UK researchers have found a way to test blood for circulating tumour DNA by looking at two genes associated with malignant melanoma, one of the deadliest forms of skin cancer.
Harmful mutations in the genes, BRAF and NRAS, occur in 70 per cent of malignant melanoma cases and the study found patients whose blood tested positive for these genes were much more likely to see the cancer return within a year of surgery.
Five years after surgery, a third of patients who had the faults were alive compared with 65 per cent of those who did not, the research, published in Annals of Oncology, found.
Each year around 15,400 people in the UK are diagnosed with malignant melanoma. Despite survival doubling in the last 40 years, around 2,500 Britons die from the disease every year.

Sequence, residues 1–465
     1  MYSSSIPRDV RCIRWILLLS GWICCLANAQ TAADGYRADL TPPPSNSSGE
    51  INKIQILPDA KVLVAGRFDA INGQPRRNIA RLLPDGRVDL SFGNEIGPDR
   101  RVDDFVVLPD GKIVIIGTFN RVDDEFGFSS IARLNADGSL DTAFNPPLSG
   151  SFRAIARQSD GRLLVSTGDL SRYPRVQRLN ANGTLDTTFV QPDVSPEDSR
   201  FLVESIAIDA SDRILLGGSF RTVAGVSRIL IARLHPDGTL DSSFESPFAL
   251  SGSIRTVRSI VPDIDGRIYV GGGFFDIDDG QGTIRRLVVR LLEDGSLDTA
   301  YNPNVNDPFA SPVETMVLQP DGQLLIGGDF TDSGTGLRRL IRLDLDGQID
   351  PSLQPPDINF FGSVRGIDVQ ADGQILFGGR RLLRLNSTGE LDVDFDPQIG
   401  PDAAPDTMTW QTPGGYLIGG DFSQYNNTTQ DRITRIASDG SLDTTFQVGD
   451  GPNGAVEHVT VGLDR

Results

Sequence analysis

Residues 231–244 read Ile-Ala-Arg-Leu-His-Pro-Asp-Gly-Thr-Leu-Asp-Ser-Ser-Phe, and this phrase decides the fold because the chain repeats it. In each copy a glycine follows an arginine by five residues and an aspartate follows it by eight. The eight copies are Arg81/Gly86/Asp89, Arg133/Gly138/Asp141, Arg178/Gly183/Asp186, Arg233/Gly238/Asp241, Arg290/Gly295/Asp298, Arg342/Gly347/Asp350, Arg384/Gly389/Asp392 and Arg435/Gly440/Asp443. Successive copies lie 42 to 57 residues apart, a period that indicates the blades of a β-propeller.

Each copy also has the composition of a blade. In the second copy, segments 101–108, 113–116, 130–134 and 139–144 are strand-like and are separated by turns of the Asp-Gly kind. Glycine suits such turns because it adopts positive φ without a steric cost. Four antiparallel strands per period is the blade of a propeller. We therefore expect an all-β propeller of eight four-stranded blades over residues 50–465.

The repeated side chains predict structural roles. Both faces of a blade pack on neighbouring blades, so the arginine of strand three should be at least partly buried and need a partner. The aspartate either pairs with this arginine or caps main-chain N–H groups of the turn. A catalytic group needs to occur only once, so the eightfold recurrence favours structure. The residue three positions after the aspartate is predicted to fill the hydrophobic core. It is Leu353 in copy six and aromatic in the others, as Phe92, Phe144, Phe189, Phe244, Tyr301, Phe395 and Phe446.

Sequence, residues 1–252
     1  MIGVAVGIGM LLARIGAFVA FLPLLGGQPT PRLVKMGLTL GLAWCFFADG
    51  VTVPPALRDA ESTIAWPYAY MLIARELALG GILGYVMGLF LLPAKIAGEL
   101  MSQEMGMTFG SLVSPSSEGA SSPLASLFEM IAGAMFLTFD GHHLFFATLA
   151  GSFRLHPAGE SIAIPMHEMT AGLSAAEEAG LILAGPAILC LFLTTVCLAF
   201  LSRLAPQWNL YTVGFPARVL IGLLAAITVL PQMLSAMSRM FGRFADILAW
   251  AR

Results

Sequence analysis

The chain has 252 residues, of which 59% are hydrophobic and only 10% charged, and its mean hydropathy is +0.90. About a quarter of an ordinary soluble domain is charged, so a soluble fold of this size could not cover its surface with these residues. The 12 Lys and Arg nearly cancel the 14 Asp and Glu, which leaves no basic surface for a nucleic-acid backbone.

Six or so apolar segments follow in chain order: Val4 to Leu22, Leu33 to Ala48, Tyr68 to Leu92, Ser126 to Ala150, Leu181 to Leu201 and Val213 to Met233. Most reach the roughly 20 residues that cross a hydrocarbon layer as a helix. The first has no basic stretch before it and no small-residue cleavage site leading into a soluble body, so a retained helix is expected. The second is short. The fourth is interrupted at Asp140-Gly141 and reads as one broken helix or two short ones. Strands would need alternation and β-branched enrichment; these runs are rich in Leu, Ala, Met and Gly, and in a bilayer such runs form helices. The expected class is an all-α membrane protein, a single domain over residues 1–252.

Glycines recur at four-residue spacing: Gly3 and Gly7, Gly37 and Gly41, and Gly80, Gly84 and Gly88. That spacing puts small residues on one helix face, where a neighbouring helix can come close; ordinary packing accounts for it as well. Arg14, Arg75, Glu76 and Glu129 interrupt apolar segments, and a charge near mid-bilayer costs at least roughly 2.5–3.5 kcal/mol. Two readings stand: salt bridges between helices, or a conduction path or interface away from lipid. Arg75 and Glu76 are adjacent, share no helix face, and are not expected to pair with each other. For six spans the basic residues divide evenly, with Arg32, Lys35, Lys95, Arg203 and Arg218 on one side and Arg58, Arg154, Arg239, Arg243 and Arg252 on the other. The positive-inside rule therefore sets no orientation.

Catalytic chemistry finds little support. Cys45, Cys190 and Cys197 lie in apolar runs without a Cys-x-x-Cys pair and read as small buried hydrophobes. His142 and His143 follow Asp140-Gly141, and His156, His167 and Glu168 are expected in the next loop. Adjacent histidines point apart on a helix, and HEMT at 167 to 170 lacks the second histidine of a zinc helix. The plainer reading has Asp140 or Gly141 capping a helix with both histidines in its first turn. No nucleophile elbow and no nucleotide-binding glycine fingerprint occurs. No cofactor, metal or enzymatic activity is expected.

Professor Richard Marais, director of the Cancer Research UK Manchester Institute, who led the research, said: "For some patients with advanced melanoma, their cancer will eventually return. We have no accurate tests to predict who these patients will be, so our findings are really encouraging.
"If we can use this tumour DNA test to accurately predict if cancer is going to come back, then it could help doctors decide which patients could benefit from new immunotherapies.
"These treatments can then reduce the risk of the cancer spreading. The next step is to run a trial where patients have regular blood tests after their initial treatment has finished in order to test this approach."
Professor Karen Vousden, chief scientist at Cancer Research UK, said: "Being able to develop an early warning system that will predict if a cancer will return could make a real difference to patients.
"Research like this shows that for some cancers, there may be ingenious solutions - such as a blood test."
Additional reporting by PA
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